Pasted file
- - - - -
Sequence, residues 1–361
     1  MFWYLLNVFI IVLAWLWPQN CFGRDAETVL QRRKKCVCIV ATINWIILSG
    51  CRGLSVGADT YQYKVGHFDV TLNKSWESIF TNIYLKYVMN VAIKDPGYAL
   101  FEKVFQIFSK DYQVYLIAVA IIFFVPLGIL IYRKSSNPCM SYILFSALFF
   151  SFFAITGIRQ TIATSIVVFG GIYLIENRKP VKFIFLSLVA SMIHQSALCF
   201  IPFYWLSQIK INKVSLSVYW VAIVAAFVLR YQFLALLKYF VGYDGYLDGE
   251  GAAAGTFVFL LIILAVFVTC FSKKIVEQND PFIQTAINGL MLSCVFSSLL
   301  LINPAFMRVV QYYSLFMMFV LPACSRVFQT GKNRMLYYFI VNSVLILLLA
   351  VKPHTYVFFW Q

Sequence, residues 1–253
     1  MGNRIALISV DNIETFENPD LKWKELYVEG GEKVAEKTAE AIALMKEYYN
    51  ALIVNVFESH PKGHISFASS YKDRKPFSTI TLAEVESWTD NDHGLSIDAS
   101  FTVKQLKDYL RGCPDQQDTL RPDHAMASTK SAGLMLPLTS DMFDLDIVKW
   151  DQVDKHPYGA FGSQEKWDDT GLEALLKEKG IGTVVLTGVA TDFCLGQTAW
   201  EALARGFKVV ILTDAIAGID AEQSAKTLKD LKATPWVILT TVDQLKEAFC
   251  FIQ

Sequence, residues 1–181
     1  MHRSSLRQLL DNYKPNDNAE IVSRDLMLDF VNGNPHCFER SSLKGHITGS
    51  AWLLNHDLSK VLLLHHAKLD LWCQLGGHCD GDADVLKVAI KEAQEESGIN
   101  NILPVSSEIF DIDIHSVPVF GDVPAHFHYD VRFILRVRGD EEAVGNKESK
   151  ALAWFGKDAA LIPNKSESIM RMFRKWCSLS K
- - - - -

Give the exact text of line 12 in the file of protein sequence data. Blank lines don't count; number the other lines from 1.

    51  ALIVNVFESH PKGHISFASS YKDRKPFSTI TLAEVESWTD NDHGLSIDAS